SHOCKING: You Won’t Believe the Amount of Illegal Immigrants Coming Over Our Mexican Border Now

This may make you wish Donald Trump already had his wall up!

Child migration is surging again.

The number of families and unaccompanied children apprehended on the southern border has skyrocketed this year, according to new figures from the Obama administration.

The numbers, compiled by the U.S. Customs and Border Protection (CBP), reveal that child migration is on par with 2014 levels, when a wave of kids — thousands of them unaccompanied — arrived at the southern border.

The surge of illegal immigration quickly swamped border authorities, immigration courts and health and humanitarian workers, while sparking a political battle on Capitol Hill over the cause and proper response to the crisis.

The new figures raise the specter of another increase this summer. That would almost certainly inflame another political showdown in a volatile presidential year in which the issues of race, immigration and border security have been pronounced — particularly due to the hard-line enforcement approach adopted by the presumptive GOP nominee Donald Trump.

Through the first six months of fiscal 2016, which ended on March 31, border officials apprehended 27,754 unaccompanied children, the CBP reported — a 78 percent jump from the 15,616 apprehended in 2015, and just shy of the 28,579 apprehended in 2014.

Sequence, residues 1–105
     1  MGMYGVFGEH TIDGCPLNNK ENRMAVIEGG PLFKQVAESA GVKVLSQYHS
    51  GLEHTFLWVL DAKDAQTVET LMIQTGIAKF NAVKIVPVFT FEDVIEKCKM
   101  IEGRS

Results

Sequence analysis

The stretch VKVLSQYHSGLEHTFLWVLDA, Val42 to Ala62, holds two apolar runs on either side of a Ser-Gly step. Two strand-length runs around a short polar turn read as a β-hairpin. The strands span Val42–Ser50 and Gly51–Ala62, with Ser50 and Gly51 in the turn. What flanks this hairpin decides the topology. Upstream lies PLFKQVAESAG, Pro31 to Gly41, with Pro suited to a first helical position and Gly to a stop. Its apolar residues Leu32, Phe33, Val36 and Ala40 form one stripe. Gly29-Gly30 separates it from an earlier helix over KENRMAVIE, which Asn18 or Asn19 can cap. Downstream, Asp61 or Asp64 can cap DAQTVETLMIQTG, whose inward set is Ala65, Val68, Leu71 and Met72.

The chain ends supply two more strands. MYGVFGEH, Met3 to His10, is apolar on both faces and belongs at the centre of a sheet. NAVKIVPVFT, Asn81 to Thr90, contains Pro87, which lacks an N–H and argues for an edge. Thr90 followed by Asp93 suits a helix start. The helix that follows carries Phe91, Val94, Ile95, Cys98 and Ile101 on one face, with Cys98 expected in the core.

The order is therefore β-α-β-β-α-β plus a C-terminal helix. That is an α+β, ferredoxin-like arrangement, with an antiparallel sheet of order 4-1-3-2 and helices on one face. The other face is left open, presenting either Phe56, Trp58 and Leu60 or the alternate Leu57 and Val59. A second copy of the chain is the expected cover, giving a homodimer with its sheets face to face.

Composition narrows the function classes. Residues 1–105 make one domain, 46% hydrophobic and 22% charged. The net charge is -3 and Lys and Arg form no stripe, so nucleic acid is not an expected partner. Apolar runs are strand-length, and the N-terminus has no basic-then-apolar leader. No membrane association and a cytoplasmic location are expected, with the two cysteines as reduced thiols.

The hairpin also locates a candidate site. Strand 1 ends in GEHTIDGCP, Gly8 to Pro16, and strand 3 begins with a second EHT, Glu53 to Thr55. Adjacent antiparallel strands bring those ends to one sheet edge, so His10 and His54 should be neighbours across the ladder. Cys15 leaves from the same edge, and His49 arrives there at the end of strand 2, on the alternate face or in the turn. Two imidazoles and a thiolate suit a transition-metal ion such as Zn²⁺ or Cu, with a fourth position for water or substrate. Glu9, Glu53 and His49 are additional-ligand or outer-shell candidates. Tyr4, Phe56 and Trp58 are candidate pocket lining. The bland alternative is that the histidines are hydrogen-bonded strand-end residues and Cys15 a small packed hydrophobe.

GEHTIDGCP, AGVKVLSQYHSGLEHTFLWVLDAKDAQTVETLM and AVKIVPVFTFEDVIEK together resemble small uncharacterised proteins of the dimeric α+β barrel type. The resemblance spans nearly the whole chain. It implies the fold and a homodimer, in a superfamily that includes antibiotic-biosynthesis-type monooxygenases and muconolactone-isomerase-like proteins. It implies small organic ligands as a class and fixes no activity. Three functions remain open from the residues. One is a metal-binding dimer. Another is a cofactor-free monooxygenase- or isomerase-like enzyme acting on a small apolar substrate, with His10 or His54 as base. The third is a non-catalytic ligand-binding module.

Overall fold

For family units, which consist of at least one child traveling with at least one adult, the increase was even more dramatic. In the first six months of 2016, 32,117 families were apprehended, the CBP reported — an increase of 131 percent from the 2015 figure (13,913) and 62 percent from the 2014 figure (19,830).

Kevin Appleby, director of international migration policy at the Center for Migration Studies, proposed several reasons for the increase. For one, the violence plaguing Central America — particularly El Salvador, Honduras and Guatemala — still exists, he noted, sending people fleeing north for their lives.

“The forces driving the migration are still strong,” he said.

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